Effective Negotiations, Positive Child Custody Arrangements

At H.L. Harper & Associates, we know that establishing child custody and child support can be emotionally draining and stressful. If you are a parent, your child is the center of your life. You may struggle with the idea that you have to share your child or children with the other parent. Whether you are going through a divorce or you were not married, our knowledgeable family law attorneys are here to help.

Based on experience helping people just like you, our lawyers know how important it is for parents to sit down and talk about child custody arrangements with their attorneys present.

Even if you are not getting along with your child's other parent, negotiating and arriving at a mutual agreement is usually more productive than fighting. If you can come to an agreement and avoid going to court, it is also much less expensive.

We understand that every parent has preferences when it comes to child custody and visitation. We want to understand your needs. Ultimately, the court will make decisions based on the best interests of the child. So, this will always be the driving factor to consider as we help you negotiate a positive child custody arrangement. Call us at 504-541-6976 for a free consultation.

Understanding Sole Vs. Joint Custody

Legal custody determines who will participate in making decisions for the child, including decisions about education and medical care. Generally, the courts will award joint legal custody unless one parent is deemed unfit. If this is the case, one parent may be awarded sole custody.

Joint custody is a shared arrangement usually involving one parent being designated the domiciliary parent who has physical custody of the child, which means the child lives with the parent most of the time, and the other parent has visitation. However, sometimes shared physical custody is the best arrangement for the child. In these situations, the child lives with each parent 50 percent of the time.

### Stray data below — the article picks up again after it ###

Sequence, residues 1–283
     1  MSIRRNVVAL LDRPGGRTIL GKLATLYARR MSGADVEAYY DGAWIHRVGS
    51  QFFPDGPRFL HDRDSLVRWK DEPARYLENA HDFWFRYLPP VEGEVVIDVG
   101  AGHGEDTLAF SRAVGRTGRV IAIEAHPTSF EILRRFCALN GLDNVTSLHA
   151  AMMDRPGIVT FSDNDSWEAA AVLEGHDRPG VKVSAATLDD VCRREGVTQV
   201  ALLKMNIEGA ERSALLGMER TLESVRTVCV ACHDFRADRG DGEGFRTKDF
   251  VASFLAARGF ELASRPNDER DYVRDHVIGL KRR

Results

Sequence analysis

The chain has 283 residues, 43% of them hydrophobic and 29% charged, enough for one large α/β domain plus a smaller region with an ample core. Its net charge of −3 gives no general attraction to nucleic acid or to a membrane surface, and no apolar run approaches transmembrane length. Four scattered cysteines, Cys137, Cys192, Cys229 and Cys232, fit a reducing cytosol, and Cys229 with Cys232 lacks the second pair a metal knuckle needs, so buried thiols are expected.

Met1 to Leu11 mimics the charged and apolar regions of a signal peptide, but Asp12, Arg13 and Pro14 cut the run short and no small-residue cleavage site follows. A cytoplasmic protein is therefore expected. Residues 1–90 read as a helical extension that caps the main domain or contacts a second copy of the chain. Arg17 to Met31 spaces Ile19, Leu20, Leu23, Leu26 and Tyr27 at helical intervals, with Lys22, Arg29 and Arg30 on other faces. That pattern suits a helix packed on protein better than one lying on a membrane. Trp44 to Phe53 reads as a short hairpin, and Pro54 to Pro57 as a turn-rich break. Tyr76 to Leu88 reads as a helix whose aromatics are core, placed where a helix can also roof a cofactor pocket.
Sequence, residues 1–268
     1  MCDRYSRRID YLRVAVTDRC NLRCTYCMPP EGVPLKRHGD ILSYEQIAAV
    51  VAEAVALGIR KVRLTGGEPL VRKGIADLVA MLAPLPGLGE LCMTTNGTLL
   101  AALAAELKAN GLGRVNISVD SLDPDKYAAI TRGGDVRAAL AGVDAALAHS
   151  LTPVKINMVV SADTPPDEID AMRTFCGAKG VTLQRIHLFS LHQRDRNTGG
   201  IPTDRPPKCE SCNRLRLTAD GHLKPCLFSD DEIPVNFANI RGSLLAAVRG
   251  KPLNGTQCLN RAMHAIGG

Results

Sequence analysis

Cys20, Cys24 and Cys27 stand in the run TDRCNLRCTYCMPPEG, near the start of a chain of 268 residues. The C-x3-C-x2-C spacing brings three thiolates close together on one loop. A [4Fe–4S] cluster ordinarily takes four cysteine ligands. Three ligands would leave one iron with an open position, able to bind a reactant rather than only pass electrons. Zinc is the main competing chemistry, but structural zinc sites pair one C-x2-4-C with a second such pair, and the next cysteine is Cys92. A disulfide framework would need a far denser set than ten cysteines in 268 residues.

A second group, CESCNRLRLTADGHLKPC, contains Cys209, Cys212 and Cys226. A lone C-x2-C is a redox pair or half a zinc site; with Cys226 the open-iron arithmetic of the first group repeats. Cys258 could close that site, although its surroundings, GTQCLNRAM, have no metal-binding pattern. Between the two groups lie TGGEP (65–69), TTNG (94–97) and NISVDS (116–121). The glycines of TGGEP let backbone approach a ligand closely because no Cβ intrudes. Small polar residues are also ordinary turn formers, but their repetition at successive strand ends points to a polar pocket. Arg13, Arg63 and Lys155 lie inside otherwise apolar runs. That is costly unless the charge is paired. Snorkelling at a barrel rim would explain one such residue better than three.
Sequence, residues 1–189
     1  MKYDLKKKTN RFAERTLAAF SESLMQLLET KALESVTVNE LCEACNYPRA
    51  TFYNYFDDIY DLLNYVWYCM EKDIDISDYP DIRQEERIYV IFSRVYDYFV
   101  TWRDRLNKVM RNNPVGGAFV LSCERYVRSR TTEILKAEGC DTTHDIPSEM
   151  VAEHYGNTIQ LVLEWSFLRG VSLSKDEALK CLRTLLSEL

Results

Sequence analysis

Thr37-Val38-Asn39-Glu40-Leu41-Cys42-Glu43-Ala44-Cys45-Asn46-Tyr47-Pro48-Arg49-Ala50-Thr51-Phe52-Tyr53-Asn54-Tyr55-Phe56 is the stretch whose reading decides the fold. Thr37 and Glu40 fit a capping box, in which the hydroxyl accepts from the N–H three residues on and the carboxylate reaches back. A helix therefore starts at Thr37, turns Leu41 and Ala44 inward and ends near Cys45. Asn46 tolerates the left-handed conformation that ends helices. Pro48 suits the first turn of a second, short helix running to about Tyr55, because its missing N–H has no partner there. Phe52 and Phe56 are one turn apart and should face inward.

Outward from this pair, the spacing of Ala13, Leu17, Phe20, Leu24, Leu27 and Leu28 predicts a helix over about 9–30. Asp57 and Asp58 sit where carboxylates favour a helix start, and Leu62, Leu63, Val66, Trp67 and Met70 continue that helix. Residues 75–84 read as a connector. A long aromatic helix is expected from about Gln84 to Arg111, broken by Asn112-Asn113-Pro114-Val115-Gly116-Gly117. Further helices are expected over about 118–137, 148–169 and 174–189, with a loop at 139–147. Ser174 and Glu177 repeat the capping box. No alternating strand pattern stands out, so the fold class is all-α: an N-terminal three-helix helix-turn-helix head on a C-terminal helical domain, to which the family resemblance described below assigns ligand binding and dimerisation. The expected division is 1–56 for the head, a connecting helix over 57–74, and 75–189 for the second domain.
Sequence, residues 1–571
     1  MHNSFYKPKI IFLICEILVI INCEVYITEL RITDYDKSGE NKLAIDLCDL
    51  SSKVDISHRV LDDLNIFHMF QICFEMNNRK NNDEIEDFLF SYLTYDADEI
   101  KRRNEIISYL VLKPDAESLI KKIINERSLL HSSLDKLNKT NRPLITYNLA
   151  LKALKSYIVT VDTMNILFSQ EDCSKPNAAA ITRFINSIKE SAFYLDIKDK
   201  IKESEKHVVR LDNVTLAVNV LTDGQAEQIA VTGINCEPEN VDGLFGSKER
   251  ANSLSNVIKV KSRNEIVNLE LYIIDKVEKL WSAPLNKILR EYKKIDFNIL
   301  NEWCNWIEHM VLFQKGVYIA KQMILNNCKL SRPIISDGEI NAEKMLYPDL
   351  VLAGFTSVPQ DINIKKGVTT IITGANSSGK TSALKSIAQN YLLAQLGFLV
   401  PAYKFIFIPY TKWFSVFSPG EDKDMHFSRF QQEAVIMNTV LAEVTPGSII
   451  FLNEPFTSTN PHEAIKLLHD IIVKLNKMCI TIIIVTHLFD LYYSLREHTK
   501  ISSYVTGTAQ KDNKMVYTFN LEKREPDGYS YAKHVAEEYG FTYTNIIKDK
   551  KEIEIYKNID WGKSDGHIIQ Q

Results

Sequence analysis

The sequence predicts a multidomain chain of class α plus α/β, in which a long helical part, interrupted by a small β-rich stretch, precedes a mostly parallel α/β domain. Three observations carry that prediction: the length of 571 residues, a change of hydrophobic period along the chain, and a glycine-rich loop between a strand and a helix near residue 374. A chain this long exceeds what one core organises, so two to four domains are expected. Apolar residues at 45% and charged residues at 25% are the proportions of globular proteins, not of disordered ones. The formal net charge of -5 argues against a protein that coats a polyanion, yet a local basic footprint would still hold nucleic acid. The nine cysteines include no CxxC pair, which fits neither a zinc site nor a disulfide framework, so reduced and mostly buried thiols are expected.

How Child Support Is Determined

Child support is determined based on the gross income of both parents and the number of children the parents have, among other factors. The state has a chart that uses these factors to assign a percentage of child support to be paid for a child. Because the guidelines are strict, it is important that the income numbers are accurate.

We regularly help parents go back to court to try to get child support modified after a change in income. However, it is important to know that if someone paying child support gets fired, the court will consider it voluntary unemployment, so modifications will not be approved in these situations.

Contact Us For A Free Initial Consultation

For a free initial consultation with one of our New Orleans or Dallas child custody and support attorneys, contact H.L. Harper & Associates at 504-541-6976. We offer flexible appointments, including evenings and weekends by request. We serve clients throughout the New Orleans, Louisiana, and Dallas, Texas, metropolitan areas.

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